Eventually that might make sense in Poland, although they have had problem after problem, but the small scale of any fracking operation in Ireland would be dwarfed by those in the US, Australia, and even China. It’s hard to conceive of any set of economic conditions that would see fracking locally making any sort of sense, and that’s before you start talking about the environmental, health, and wider economic impacts on sectors such as agriculture and tourism.

  • Practically_Family

    Not really. There are two possible scenarios involving Russia.

    The first is that the EU accept that they aren’t going to admit Ukraine, and that their influence there will necessarily be limited. The second is that the issue is forced and the ensuing war will render all such mediocre considerations moot.

    Frankly, I think that the first is by far the most likely (grudging) outcome, but somebody needs to tell David Cameron before he’s left waving his willy very much on his own, by both EU & NATO partners.

  • chrisjones2

    I assume there are also other factors too ie where do you ship it to and how do you get it into existing piplein networks which are set up for current soucres,

  • Practically_Family

    And who people prefer to buy from, Britain will default to the US, I suspect even at the cost of paying “just a little more”.

    It’s unlikely to be as cut & dried in much of the rest of Europe.

  • chrisjones2

    Its not just price bus security of supoply that is the issue

  • eireanne

    circulated nationwide on frackfree ireland, a good overview of the pros and cons of fracking beyond the contingency of current oil prices,

  • T.E.Lawrence

    You also have to consider the Saudi Factor. These guys will still keep producing and not slow down and don’t care if oil goes down to $20/Barrel. This will kill the alternative fracking producing competition and one might say for a very long period of time !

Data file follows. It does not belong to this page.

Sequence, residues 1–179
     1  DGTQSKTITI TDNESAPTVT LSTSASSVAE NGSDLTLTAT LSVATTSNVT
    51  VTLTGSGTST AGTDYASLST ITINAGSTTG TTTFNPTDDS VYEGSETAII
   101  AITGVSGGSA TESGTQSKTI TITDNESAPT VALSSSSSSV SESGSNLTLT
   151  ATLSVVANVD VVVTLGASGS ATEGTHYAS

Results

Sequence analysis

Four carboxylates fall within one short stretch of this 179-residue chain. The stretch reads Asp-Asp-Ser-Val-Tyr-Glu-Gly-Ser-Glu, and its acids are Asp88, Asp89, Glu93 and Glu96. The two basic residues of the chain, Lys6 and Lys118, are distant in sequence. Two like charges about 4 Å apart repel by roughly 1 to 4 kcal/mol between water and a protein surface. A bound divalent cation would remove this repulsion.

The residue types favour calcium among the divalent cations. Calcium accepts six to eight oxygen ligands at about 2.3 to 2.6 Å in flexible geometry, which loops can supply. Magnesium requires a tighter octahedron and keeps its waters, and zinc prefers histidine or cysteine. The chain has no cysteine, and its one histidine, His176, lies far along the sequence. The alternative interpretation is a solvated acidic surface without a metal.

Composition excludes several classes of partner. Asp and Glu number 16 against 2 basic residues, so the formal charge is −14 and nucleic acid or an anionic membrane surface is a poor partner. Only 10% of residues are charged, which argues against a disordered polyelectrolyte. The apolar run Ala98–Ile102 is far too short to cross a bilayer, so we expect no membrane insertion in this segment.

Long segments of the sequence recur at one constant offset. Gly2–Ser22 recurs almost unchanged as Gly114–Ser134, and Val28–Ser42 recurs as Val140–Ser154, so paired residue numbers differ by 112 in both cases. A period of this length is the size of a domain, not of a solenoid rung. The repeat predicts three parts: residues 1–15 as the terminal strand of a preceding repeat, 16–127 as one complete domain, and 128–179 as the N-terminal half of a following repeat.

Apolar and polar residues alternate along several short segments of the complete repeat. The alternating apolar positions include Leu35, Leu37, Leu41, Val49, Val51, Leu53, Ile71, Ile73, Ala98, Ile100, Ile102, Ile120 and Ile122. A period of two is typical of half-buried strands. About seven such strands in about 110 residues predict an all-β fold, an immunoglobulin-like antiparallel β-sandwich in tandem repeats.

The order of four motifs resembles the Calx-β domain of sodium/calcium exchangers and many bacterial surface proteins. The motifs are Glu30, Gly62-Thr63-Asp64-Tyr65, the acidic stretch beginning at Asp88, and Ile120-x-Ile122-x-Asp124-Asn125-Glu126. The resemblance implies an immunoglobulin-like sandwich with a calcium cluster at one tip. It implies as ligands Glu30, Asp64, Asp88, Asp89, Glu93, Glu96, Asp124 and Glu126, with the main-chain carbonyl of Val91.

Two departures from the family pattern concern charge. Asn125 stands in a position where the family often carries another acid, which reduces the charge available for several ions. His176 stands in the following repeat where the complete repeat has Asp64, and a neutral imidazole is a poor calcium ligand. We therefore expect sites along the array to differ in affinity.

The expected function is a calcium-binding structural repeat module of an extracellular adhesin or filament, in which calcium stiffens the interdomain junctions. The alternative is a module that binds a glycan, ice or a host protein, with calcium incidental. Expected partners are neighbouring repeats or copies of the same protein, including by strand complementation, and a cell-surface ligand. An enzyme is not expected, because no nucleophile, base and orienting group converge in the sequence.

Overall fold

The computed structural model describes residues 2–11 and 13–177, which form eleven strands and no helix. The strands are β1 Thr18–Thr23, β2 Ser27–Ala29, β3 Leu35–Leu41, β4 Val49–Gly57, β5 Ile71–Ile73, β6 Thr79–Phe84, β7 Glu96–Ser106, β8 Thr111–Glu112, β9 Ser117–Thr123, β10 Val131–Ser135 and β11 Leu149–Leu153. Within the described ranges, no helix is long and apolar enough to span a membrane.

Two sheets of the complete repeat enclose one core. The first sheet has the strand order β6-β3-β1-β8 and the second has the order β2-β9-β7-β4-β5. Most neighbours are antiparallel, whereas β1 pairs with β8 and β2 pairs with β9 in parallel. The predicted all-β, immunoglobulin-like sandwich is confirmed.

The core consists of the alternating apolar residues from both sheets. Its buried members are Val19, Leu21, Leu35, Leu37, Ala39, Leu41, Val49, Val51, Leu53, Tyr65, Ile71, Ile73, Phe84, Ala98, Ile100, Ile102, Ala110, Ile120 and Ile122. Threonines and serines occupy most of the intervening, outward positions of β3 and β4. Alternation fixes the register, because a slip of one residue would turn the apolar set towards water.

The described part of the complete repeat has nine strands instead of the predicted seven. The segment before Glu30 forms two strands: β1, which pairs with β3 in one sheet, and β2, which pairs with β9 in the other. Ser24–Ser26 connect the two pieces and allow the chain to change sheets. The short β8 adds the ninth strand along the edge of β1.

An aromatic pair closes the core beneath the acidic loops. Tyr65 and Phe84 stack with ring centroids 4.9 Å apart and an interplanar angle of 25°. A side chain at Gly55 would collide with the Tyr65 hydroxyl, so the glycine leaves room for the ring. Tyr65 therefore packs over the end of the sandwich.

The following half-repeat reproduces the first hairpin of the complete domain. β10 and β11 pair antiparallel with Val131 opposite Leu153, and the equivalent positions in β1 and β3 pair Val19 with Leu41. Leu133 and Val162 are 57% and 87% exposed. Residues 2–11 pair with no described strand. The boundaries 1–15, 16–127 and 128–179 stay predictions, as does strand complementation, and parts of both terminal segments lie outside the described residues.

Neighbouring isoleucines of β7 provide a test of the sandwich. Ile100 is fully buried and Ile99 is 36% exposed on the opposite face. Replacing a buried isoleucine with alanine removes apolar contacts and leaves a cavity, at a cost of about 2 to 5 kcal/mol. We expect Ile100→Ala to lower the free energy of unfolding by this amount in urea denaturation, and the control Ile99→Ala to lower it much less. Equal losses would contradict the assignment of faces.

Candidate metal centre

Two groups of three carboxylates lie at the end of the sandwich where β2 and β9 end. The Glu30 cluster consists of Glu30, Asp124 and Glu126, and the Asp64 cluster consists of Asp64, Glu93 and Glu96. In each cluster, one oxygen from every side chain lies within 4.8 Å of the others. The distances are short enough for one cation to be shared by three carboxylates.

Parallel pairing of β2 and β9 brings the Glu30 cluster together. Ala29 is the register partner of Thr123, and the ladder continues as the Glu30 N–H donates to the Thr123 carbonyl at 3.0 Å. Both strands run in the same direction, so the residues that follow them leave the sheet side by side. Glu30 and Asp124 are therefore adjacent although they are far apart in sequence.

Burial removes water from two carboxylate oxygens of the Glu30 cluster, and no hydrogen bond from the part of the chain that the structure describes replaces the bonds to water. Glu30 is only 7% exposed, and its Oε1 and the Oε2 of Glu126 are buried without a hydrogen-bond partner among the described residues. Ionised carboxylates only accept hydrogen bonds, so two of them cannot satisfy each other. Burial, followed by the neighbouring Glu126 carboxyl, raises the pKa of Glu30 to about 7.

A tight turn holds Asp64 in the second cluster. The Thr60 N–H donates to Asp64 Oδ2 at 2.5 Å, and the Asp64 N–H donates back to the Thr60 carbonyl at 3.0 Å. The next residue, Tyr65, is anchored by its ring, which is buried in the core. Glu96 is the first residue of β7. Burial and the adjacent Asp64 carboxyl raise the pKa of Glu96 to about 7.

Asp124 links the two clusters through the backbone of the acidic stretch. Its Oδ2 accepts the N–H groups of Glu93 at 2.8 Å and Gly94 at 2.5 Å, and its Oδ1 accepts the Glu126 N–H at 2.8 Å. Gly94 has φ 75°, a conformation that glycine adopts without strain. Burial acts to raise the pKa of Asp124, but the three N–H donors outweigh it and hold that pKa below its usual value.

• PaulT

    That won’t go down well with the shareholders in the PLCs buying gas for the British market, investors in Centrica and EDF etc are more use to management gouging British people for as much as possible and returning a healthy dividend to them.

    I expect their share prices will crash once this information becomes public knowledge, BTW whats your source?

  • Zeno

    And then bang it up to $150 a barrel to get their money back.

  • PaulT

    not for the free market, which you have been confusing with government for a while. The free market has derivatives and insurance and it can take it’s money and leave whenever it likes. The government is a bit more permanent.

  • Practically_Family

    Quite. And for most Europeans there is no issue with supply from Russia. At least no more so than relying upon the USA.

  • Nevin

    “shale gas in County Fermanagh” ..

    Meanwhile, on the north coast.

  • Melanie Brown

    “Nobody sensible is likely to want to frack in Ireland for some time to come.” Is that so?

    Rathlin Energy Ltd has, currently, a planning application lodged with the Planning Service to drill an exploratory well into the shale layer at Ballinlea in Co. Antrim. A cross-section of the proposed well by Geological Survey of NI (part of DETI), submitted recently as part of the Environmental Impact Assessment, describes the layer as follows: “2450m Carboniferous Visean Murlough Bay Formation is the equivalent to the Bowland Shale and is a possible source rock for the region. It is a potential target for shale gas development in the region.”

    Rathlin Energy’s “Ballinlea 2 Environmental and Waste Management Plan, Exploratory Operations” document states that its operations will include a “Carboniferous shale mini fall-off test”, also known in the industry as a ‘minifrac’ which provides information about the permeability of the reservoir, and whether a full fracture would be worthwhile.

    There is a hint in the air that GSNI/DETI is the driving force behind the desire to drill into the shale—the company is adamant their ‘primary target’ is conventional oil… and they once mentioned that they were “expected” to drill into the shale….

    Is it the Rathlin Energy Ltd or DETI that wants to drill into the shale here?

    And why were licences granted in Northern Ireland without a Strategic Environmental Assessment being undertaken?

    Read more at:

  • salmonofdata